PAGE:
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Tribal Warfare
07-27-2008, 09:34 PM
http://ap.cjonline.com/pstories/state/ks/20080727/310322785.shtml


Cerebral center puts med school aside
DOUG TUCKER
AP Sports Writer

RIVER FALLS, Wis. Booing Rudy Niswanger may not be smart.

Kansas City's cerebral young center almost never forgets anything he does, sees or hears. And one day he may be standing over your unconscious body holding a sharp knife.

An honors graduate from LSU with a degree in kinesiology, Niswanger was accepted into medical school before he was ignored in the 2006 draft. He seriously thought about becoming an orthopedic surgeon.

After the disappointment of the '06 draft, a medical career seemed the only sensible path for the 6-foot-5, 300-pound native of Monroe, La. The NFL seemed to be telling him the odds against a future in football were long, very long.

Whether he would thrive in the academically stimulating environment of medical science seemed beyond question. Not only had he been a first-team academic All-American, he'd also won the prestigious Draddy Trophy which the National Football Foundation awards each year to the top scholar among football athletes.

"I interned for an orthopedic surgeon for three summers while I was in college," Niswanger said. "I had a lot of fun doing that, and saw a lot of interesting surgeries. But football is what I really want to do. It's where my passion is."

So he kept his teeth in the ankle of his dream. In Kansas City as an undrafted free agent, Niswanger fought and clawed and managed to hold onto one of the last spots on the roster. As a rookie, he was third-team center.

Last year he moved up to second team. Now, with the Chiefs revamping their offensive line almost entirely, the would-be doctor is, finally, first-team.

The sort of medical career which so many young people strive all their lives toward has become "a fallback plan."

So what does he like about football?

"To be honest with you, what is there not to like about football?" he replied, looking around as weary teammates trooped off the field following a practice that had lasted nearly 2 hours.

He began talking at a faster clip.

"I look at it as the sport of men, as the sport of passion. It's the sport of velocity and strength and violence, a controlled violence."

But those who see only violence are missing its best part.

"The important thing, the thing people don't realize, is the intellectual side of it," he said.

"If you can take a playbook that's four inches thick and not only memorize it, but memorize it in a way that when you get out there and you've got 90,000 people screaming, you've got people moving, your sweaty, you're tired, your blood's pumping and you still make decisions in the blink of an eye that's intelligence.

"That's one of the aspects that really drew me to this game, especially the offensive line positions."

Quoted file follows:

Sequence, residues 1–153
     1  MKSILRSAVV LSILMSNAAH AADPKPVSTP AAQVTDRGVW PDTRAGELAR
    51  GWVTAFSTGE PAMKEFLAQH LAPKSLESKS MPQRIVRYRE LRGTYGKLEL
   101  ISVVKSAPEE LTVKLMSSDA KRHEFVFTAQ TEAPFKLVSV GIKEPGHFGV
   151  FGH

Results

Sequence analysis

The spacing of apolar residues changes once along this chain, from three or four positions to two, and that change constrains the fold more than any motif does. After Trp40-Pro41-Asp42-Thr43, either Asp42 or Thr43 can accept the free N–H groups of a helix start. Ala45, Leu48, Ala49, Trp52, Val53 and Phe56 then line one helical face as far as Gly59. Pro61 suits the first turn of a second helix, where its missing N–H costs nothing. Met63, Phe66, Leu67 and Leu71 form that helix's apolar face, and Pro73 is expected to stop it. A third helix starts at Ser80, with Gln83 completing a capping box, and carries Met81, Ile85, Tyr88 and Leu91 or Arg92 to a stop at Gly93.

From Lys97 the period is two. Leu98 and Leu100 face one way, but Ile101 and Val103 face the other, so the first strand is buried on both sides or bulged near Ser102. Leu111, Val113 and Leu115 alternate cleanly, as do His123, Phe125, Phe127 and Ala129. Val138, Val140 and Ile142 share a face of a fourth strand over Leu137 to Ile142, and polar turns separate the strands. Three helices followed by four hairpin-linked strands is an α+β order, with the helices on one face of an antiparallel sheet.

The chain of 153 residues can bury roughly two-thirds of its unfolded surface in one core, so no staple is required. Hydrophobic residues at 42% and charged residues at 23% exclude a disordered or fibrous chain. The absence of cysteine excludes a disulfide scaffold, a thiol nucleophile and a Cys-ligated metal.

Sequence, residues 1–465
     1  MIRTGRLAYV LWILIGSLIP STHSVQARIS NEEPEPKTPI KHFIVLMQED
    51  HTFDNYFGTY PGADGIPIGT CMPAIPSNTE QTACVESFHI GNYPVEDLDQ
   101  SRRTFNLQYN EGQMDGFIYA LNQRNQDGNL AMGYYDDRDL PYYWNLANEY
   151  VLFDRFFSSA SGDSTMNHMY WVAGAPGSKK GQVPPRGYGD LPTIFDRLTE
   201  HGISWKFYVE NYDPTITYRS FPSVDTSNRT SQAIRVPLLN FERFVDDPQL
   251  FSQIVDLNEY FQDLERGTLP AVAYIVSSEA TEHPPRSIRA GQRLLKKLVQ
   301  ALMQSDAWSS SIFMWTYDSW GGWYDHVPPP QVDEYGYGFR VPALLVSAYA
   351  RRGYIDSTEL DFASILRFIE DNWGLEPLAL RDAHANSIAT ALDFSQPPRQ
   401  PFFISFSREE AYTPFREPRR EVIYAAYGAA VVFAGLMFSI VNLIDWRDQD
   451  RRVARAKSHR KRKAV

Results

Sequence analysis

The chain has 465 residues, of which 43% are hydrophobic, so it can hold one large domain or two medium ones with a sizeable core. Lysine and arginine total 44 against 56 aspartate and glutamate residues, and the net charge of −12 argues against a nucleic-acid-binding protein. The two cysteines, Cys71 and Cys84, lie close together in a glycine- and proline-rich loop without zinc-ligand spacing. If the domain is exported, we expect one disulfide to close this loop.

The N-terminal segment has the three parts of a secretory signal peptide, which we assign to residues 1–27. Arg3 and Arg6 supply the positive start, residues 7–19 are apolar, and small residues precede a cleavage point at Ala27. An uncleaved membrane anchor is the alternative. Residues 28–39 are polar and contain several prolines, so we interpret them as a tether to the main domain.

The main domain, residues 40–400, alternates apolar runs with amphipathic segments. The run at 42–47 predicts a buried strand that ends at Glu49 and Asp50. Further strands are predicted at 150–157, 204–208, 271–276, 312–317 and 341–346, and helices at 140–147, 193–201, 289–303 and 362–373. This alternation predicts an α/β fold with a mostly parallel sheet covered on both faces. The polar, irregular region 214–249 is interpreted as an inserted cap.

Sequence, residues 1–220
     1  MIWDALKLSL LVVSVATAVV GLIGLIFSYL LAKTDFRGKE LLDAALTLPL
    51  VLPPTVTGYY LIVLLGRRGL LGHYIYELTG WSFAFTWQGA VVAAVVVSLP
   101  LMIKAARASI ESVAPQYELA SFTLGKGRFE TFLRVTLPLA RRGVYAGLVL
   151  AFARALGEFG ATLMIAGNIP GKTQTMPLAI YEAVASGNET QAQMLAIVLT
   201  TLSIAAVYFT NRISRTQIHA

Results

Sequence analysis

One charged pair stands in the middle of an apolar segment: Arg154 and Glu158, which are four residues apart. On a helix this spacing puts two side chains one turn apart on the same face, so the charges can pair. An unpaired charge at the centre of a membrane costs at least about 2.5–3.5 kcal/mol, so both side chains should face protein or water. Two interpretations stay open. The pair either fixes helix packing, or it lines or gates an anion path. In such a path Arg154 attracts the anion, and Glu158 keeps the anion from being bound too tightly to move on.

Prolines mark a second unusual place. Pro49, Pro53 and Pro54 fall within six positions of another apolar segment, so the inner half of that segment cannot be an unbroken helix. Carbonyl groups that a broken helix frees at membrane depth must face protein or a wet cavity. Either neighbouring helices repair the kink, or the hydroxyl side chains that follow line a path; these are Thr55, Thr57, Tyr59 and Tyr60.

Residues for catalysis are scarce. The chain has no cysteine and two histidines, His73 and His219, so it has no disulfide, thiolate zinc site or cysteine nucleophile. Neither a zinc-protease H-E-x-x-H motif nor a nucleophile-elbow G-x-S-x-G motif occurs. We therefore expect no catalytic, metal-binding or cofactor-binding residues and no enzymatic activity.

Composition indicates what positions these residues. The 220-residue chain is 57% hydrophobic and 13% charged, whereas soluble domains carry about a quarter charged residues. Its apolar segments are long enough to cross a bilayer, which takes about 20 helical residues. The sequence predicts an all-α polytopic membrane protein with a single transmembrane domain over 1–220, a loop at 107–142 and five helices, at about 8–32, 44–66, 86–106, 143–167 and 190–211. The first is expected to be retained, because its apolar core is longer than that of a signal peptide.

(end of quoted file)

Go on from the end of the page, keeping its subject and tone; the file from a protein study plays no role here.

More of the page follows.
Niswanger's IQ is high, which is good. But so is his head, which is bad.

Most centers are in the 6-foot-1, 6-2 range. That's ideal for keeping low and getting that all-important leverage as they snap the ball and explode into would-be tacklers. It's a problem the 6-5 Niswanger has battled all his football life.

"Rudy's doing great. He's probably the smartest guy on this football team," said left guard Brian Waters, a three-time Pro Bowler. "Physically, you worry because he's so tall. But Rudy does a great job, he's flexible. He knows how to use his height to his advantage."

Waters, a former center, has carefully watched Niswanger's development.

"He's still got a ways to go," he said. "He's got to get some experience, but that's all going to come with games. He's a family guy who's going to be accountable. He's somebody you can trust. There have been some tall centers who were successful."

At this point in his life, Niswanger figures being a tall center is better than being a tall doctor.

"Football is a young man's game and I can only play it for so long. And if I'm blessed enough to have both a long football career and a medical career, that's great," he said. "But if I play long enough in the NFL and I don't feel that I'm young enough to go back to medical school, well, that's great, too."
Copyright 2008 The Associated Press. All rights reserved. This material may not be published, broadcast, rewritten or redistributed.

Thig Lyfe
07-27-2008, 09:41 PM
SIGN HIM CARL

CrazyPhuD
07-27-2008, 10:44 PM
PRINT....aw hell who am I kidding?

SNR
07-27-2008, 10:48 PM
Who was the last center who was booed? Has it EVER happened?

DaneMcCloud
07-28-2008, 12:33 AM
I really liked him as a right guard.

He's definitely an NFL player.

I hope he flourishes at center.

2bikemike
07-28-2008, 07:09 AM
RUDY! RUDY! RUDY!